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My Family’s Gumbo

Yields1 ServingPrep Time30 minsCook Time1 hrTotal Time1 hr 30 mins

“Every person’s life is like a pot of gumbo, you get out what you put in.” Helen Broussard
Gumbo is a popular Louisiana dish, a kind of soup. There must be a million variations on how to make it. Every person who makes it thinks theirs is better than the next. I have seen people arguing over what is the best way to make this dish. Just like life, everyone has some input on what would make the next person’s life better. Some people want more sausage, more shrimp, or no shrimp. Some want crab or oysters. Some prefer more spice, more file’ (feelay).
One thing they all have in common is a Roux (Roo). Roux is the gravy base and the foundation of this dish. It gives the soup its flavor and is what makes you get that second bowl. Everyone has a Roux in their life. Someone who influenced every step they took, and gave their life direction. Mother was my Roux.
In order to see into this incredible woman, you have to know what came before and what came after. That is where we go in The Roux in the Gumbo novel.

Let’s go, it is going to be an adventure.

Laissez les Bon Temps Rouler
(Let the Good Times Roll)

 3 lbs Snow crab legs cleaned and seperated
 15 Chicken wings washed and cleaned
 1 lb Chicken gizzards chopped fine
 4 lbs Medallion sliced Hillshire Farms Beef sausage or favorite brand fry lightly to remove grease
 3 lbs Large shrimp pealed and deveined
 2 lbs Baby Shrimp
 1 lb Dried Shrimp
 ½ cup Dried Shrimp Powder
 2 cups Cleaned and diced Celery Stalks
 3 Large Diced Onions
 3 Dried Onion Soup Mix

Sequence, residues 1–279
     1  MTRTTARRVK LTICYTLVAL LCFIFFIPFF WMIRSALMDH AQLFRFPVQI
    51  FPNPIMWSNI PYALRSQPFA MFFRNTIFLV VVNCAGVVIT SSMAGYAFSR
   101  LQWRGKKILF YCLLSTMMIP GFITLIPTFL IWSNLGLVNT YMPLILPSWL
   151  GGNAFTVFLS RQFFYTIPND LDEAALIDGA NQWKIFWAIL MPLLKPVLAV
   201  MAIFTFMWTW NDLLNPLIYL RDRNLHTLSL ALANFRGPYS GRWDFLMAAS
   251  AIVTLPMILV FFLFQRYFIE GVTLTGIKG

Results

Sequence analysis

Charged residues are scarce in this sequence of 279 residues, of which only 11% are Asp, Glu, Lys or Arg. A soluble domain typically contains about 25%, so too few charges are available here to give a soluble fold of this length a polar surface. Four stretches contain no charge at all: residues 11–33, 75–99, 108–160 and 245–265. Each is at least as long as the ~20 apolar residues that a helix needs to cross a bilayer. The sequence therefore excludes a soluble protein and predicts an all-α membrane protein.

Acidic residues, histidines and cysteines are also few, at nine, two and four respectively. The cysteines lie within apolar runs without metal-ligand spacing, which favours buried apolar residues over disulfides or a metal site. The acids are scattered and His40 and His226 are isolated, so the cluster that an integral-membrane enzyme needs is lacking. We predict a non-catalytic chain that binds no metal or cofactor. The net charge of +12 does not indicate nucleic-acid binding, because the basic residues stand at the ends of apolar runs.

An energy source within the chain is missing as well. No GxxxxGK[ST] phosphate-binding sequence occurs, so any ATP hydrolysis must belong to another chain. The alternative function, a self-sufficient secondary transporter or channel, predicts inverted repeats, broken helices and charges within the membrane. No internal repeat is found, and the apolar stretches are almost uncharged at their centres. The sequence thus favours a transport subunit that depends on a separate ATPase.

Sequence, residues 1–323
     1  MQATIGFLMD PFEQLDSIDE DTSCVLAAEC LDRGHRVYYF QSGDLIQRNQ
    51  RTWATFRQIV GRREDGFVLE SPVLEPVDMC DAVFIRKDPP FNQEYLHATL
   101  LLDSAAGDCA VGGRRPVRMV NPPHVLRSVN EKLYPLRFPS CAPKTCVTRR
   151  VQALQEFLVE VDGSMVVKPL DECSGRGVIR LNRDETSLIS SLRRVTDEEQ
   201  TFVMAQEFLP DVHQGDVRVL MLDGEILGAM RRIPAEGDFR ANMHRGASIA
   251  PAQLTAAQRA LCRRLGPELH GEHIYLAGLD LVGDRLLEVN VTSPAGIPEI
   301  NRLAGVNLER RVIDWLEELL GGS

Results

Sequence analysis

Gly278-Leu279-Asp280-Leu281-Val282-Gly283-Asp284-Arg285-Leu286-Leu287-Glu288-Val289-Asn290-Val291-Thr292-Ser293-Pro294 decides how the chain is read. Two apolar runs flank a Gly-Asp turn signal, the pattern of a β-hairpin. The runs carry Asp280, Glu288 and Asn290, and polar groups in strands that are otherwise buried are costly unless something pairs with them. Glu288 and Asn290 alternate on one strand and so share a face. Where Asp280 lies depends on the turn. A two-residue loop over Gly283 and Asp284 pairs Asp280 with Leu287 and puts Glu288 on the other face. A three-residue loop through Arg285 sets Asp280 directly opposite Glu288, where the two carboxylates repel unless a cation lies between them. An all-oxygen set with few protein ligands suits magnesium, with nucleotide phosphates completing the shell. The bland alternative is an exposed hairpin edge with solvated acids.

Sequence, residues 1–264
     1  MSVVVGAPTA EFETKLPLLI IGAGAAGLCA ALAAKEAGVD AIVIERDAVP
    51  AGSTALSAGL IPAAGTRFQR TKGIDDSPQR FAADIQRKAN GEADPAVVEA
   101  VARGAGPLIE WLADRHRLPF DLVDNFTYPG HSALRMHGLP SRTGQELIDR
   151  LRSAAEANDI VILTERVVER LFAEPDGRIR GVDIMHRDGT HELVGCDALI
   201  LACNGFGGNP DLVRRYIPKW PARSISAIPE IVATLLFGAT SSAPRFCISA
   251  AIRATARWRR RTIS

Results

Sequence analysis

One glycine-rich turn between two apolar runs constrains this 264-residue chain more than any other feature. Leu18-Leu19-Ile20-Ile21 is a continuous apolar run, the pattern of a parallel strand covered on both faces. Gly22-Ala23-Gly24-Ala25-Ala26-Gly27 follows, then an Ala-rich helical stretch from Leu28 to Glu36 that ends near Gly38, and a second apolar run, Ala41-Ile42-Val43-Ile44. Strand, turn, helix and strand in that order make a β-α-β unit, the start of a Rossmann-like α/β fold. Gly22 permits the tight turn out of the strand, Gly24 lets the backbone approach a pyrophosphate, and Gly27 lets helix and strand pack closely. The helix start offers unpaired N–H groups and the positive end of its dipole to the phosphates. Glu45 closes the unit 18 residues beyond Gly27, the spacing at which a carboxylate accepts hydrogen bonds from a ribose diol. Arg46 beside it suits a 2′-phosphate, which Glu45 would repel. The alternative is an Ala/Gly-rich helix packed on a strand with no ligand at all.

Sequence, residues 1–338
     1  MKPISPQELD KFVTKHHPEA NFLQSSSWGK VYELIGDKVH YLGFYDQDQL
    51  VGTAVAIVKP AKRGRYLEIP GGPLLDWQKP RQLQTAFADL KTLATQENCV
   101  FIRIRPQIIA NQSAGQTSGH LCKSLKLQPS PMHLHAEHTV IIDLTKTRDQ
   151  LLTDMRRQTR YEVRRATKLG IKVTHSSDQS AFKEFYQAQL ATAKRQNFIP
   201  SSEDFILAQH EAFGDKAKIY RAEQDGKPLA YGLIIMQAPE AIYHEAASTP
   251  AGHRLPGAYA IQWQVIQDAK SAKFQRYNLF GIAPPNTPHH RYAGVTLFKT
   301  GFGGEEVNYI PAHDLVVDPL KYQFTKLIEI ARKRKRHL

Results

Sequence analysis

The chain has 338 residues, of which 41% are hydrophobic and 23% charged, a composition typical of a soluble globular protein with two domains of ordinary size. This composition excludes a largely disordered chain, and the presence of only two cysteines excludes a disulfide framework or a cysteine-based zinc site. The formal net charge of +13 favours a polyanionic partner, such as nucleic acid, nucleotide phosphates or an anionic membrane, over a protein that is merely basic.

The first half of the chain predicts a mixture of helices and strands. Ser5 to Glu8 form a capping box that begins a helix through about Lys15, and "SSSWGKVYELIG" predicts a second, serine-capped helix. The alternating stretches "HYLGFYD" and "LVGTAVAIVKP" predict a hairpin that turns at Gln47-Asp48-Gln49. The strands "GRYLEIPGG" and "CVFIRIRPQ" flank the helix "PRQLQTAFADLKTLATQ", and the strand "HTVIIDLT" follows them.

1 cup Okra - preferably “Trappeys” brand. Drain off liquid and fry in ¼ cup of oil. to remove slime
 1 tsp Gumbo File (Dried Sassafras leaves) add to taste
 1 tbsp Lawrys Seasoning salt
 1 tbsp Black Pepper
 1 tsp Celery salt
 1 Prepared rice
 1 cup Vegetable oil
 1 cup Flour
 1 crab boil bag


Use a large stockpot. Fill half way with water and set on high to boil. You can divide ingredients into 2 or 3 smaller pots. I prefer this method, because it takes awhile to get the water to boil. It will also decrease the chance of your Gumbo sticking to the bottom. There is nothing worse than a burnt pot of Gumbo. “Chile just thinking about it makes me want to cry.” Gumbo is something that every time it’s made it just gets better as you add or take away ingredients to tailor to your taste, much like a fine suit of clothes. Other variations have bell pepper, tomato puree, oysters, crawfish, rabbit, turkey or chicken, parsley, green onion and garlic. I could fill this book up with various ways to prepare this dish. Do not be afraid to experiment.
Add gizzards, onion, celery, onion soup mix, dried shrimp and sausage crab boil bag. When it reaches a rapid boil, reduce flame to low and cook for an additional 20 minutes.

Make the Roux

Roux: 1 cup of vegetable oil 1 cup of flour If you prefer a thicker soup, add more flour. Heat the oil over medium heat. Sprinkle flour over grease while constantly stirring, so as not to scorch, based on your preference. I prefer a nut brown or caramel color. Some people like a darker roux. You can always taste as you go along. Add liquid from the boiling pot and stir in. Set aside.

Add chicken, crab legs, okra, black pepper, seasoning and celery salt to taste. Be very careful with celery salt, it can overpower the other flavors. Add 1 teaspoon to entire pot. You can always go back and add more or add as a garnish. Boil for 35 to 40 minutes. Add Roux and stir Add shrimp and boil 5 minutes more. Remove from heat add 1 teaspoon of gumbo file to each pot. Serve in a bowl over rice. Sprinkle file to taste. Do not be afraid to get your fingers dirty. Also, do not forget to suck the gravy out of the crab legs before you open them up.

Bringing it all together

The Roux In The Gumbo
Can be purchased at


Barnes & Noble